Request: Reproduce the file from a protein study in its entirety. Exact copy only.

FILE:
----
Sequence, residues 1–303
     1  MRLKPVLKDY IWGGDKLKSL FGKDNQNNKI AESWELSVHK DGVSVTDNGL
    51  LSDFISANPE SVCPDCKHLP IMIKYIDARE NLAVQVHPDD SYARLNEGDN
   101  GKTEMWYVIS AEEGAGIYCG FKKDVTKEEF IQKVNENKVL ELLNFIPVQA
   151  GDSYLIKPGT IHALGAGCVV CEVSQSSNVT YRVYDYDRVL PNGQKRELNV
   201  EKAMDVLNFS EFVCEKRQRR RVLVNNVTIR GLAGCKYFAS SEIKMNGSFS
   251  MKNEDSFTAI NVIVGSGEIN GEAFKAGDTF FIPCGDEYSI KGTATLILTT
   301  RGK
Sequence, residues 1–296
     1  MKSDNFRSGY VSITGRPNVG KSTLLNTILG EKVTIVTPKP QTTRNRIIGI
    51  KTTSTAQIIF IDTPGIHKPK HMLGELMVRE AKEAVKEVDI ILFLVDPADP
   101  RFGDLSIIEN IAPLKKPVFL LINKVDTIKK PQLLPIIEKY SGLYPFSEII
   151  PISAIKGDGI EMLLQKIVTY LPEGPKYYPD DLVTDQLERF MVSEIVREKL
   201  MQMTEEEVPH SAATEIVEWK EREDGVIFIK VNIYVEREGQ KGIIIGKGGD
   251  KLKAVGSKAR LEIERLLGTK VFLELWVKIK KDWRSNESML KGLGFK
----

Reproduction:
Sequence, residues 1–303
     1  MRLKPVLKDY IWGGDKLKSL FGKDNQNNKI AESWELSVHK DGVSVTDNGL
    51  LSDFISANPE SVCPDCKHLP IMIKYIDARE NLAVQVHPDD SYARLNEGDN
   101  GKTEMWYVIS AEEGAGIYCG FKKDVTKEEF IQKVNENKVL ELLNFIPVQA
   151  GDSYLIKPGT IHALGAGCVV CEVSQSSNVT YRVYDYDRVL PNGQKRELNV
   201  EKAMDVLNFS EFVCEKRQRR RVLVNNVTIR GLAGCKYFAS SEIKMNGSFS
   251  MKNEDSFTAI NVIVGSGEIN GEAFKAGDTF FIPCGDEYSI KGTATLILTT
   301  RGK
Sequence, residues 1–296
     1  MKSDNFRSGY VSITGRPNVG KSTLLNTILG EKVTIVTPKP QTTRNRIIGI
    51  KTTSTAQIIF IDTPGIHKPK HMLGELMVRE AKEAVKEVDI ILFLVDPADP
   101  RFGDLSIIEN IAPLKKPVFL LINKVDTIKK PQLLPIIEKY SGLYPFSEII
   151  PISAIKGDGI EMLLQKIVTY LPEGPKYYPD DLVTDQLERF MVSEIVREKL
   201  MQMTEEEVPH SAATEIVEWK EREDGVIFIK VNIYVEREGQ KGIIIGKGGD
   251  KLKAVGSKAR LEIERLLGTK VFLELWVKIK KDWRSNESML KGLGFK